Column: Keeley's Corner
Grammys: The Good, The Bad And The Ugly
Published: Wednesday, February 13, 2013
Updated: Wednesday, February 13, 2013 20:02
Last Sunday, in the midst of compiling this paper in a busy Heights office, I watched the Grammy awards with a mixture of distraction, amusement, enjoyment, and confusion. I suppose that’s about the usual range of emotions experienced when sitting through an awards show, but the Grammys are a special case. Most surprises at the Oscars or Emmys are contained to the winners’ speeches, and the rest is all rehearsed monologues and montages. The Grammys, though, are by their nature performance-based, and thus a bit more unpredictable. Compared to other awards shows, the Grammys always offer some element of surprise.
Sometimes the surprise is unwelcome. Exhibit A: Taylor Swift’s opening rendition of the ever-popular “We Are Never Ever Getting Back Together.” Since she first hit the music scene, Swift has been gradually shifting away from country-pop to just plain pop, and this smash single is certainly her poppiest effort yet. Sunday’s performance—complete with a Mad Hatter outfit, Wonderland-themed clowns, and animals jumping around, and all sorts of bizarre design elements—seemed like an attempt to furnish the image of Swift as a crazy, outlandish pop star along the lines of Lady Gaga. But she’s not. Her entire popularity rests on her carefully crafted persona as a sweet, simple Southern belle. Even for devoted Swifties, it’s hard to deny that her surrealist nightmare of a Grammy performance was a definite miscalculation.
The night certainly had its share of misguided performances—not as hugely wrong-headed as Swift’s, perhaps, but head-scratching nonetheless. Who ever thought of putting Ed Sheeran together with Elton John? What do they share, besides being British men with red hair? It’s a classic example of the Grammy producers randomly throwing together a veteran musician with a younger one to try to make some sort of vague cross-generational statement. I have nothing against John, and I think Sheeran has a long and promising career ahead of him, but the pairing was rather unnecessary. Ditto the pairings of Rihanna and Jack White, and Maroon 5 and Alicia Keys. I’d rather see those artists perform on their own, rather than being awkwardly shoehorned in with someone else for ratings purposes.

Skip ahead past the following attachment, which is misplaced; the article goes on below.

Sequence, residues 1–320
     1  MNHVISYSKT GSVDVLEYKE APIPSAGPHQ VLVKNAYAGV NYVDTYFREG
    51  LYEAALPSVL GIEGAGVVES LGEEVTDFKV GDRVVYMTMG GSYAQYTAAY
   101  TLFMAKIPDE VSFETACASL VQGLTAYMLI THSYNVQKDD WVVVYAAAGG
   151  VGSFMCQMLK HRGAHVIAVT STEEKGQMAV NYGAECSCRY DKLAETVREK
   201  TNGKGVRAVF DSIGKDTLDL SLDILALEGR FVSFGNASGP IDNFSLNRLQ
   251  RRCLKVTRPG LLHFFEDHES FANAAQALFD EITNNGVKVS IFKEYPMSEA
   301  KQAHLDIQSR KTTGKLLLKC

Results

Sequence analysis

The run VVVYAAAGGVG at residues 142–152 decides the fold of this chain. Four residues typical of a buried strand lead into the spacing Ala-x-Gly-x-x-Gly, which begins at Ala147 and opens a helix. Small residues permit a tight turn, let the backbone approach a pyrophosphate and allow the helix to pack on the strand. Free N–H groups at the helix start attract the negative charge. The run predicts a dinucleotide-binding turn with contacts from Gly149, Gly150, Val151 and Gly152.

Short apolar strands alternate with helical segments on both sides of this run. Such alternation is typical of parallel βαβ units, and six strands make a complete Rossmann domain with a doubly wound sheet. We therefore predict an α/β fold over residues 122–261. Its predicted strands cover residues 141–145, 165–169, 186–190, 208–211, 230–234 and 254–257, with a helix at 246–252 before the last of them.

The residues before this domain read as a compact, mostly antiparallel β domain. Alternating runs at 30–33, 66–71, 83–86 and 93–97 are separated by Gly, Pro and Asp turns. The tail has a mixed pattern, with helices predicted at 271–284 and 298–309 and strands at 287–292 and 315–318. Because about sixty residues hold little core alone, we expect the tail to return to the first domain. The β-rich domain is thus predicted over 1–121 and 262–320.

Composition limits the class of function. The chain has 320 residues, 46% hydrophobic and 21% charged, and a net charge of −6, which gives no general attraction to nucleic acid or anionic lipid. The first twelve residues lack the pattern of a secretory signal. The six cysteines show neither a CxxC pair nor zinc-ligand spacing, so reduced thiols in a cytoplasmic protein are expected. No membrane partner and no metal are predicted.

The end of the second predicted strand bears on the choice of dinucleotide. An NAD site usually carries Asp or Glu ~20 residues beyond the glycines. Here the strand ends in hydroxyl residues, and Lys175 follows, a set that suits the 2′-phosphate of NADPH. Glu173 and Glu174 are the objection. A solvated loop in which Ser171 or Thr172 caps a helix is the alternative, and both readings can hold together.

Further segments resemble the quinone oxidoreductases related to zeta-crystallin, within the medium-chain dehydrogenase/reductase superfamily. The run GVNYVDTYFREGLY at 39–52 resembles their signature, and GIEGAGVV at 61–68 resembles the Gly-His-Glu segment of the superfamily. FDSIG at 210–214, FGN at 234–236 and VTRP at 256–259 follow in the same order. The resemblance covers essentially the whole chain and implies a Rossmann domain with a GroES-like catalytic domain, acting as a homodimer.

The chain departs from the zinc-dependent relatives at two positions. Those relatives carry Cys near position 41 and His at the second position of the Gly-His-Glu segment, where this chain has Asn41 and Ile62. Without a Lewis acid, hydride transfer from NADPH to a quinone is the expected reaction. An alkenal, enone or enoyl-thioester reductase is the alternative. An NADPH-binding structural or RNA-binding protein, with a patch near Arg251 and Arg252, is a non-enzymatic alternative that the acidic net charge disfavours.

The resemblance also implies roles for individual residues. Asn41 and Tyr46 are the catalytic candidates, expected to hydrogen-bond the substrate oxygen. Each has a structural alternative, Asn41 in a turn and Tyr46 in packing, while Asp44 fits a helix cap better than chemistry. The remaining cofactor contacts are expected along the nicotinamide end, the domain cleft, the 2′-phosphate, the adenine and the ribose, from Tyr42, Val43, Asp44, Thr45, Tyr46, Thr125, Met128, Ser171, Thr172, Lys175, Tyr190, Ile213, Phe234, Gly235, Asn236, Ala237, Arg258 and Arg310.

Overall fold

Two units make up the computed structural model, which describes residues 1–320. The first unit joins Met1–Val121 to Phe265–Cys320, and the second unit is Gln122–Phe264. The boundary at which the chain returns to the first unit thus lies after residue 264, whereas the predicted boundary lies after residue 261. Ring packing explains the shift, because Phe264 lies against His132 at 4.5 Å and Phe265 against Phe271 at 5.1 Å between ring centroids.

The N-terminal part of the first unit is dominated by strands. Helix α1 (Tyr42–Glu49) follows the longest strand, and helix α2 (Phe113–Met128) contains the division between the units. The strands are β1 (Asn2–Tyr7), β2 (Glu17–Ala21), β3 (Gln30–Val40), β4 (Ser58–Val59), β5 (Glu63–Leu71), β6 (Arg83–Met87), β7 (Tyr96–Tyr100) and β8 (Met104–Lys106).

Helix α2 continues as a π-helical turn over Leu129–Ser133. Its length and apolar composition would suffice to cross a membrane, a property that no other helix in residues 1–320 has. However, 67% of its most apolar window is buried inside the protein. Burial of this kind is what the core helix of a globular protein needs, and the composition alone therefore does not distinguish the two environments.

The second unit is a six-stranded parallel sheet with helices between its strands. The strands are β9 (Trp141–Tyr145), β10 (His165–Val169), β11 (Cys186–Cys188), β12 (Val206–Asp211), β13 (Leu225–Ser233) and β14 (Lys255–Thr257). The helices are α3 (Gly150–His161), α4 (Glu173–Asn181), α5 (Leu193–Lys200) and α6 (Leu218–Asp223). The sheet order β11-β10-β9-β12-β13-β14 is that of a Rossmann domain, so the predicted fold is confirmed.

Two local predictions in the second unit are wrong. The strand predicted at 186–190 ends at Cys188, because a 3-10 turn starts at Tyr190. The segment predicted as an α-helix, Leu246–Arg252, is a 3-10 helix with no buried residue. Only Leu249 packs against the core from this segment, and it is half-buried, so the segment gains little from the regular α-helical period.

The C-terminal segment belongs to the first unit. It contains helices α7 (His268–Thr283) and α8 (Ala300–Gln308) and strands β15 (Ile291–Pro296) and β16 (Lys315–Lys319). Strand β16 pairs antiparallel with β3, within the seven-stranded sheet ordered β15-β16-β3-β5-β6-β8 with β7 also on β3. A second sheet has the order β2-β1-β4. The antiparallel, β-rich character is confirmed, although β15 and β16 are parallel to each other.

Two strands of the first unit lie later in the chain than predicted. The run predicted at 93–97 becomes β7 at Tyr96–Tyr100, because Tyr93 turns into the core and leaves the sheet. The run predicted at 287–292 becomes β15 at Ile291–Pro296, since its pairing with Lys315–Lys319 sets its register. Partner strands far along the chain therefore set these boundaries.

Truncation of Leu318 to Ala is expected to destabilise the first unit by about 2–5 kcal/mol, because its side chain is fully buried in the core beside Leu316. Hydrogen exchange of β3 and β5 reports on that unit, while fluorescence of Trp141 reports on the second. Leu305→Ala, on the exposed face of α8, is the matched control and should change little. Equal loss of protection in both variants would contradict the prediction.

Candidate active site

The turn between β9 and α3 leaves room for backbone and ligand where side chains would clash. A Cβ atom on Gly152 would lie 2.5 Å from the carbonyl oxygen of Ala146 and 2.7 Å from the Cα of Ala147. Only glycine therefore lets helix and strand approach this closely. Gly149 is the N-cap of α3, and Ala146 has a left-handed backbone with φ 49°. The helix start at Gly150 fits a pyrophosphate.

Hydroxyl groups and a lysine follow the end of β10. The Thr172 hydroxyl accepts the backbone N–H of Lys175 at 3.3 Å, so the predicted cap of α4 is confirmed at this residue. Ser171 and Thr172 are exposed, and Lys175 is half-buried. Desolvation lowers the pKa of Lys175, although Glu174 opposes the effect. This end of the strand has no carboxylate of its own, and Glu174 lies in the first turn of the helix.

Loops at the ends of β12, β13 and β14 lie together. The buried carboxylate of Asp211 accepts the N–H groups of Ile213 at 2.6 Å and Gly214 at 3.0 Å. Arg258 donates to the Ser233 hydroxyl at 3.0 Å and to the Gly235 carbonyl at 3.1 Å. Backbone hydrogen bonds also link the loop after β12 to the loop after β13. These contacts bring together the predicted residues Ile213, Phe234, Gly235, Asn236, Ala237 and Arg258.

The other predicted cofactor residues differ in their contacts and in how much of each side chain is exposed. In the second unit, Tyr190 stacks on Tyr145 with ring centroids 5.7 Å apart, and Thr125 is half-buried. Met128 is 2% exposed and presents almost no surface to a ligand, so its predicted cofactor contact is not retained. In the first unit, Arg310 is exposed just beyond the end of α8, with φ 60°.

And there are some artists I’d rather not hear at all. Grammys and popularity be damned, I can’t stand fun.—from their complete disregard for logical punctuation to their shrill, annoying harmonies, they seem designed to annoy me. Kelly Clarkson is a perfect example of a great voice with no personality: she did a technically fine job singing “Tennessee Waltz,” and she nearly put me to sleep in the process. The various country bands chosen to perform were about as interchangeable as you’d expect.
So who managed to actually make a favorable impression? Justin Timberlake and Jay-Z, for one: recently back in the spotlight thanks to “Suit & Tie,” the unlikely duo showcased their effortless star power with that song and the debut of a new one. White, when given a chance to perform apart from Rihanna, lived up to his high standards with two cuts from his excellent solo album Blunderbuss. And hey, there were even a few unlikely collaborations that delivered the goods. The Black Keys, Dr. John, and The Preservation Hall Jazz Band joined forces for an electrifying take on “Lonely Boy,” and an all-star tribute to the late, great Levon Helm found Mavis Staples, Mumford & Sons, Zac Brown, and others grooving along to “The Weight.”
Finally, I would like to throw in my support for Frank Ocean. There’s been a noticeable backlash against the R&B star recently, as is typical for artists rumored to be the next big thing. Many scoffed at his Grammy performance of “Forrest Gump”—a short, slow album track off Channel Orange that lacks the obvious pizazz of singles like “Thinkin’ Bout You” or “Sweet Life.” But “Forrest Gump” is one of my favorites from Ocean, and his Grammy performance honored the original track while also changing it up—playing with the pace, offering new vocal inflections, and modifying the lyrics.
Perhaps that’s why people didn’t respond well: Ocean simply didn’t deliver what was expected, and ultimately, he lost out on Album of the Year to Mumford & Sons’ Babel. As much as I enjoy Mumford & Sons, I can’t say they have ever surprised me the way Ocean has. I expect them to continue to deliver more high-quality folk-rock on their third album, much in line with their first two. I genuinely don’t know what Ocean will do next—that, to me, makes him the more interesting artist, and the real winner of the night.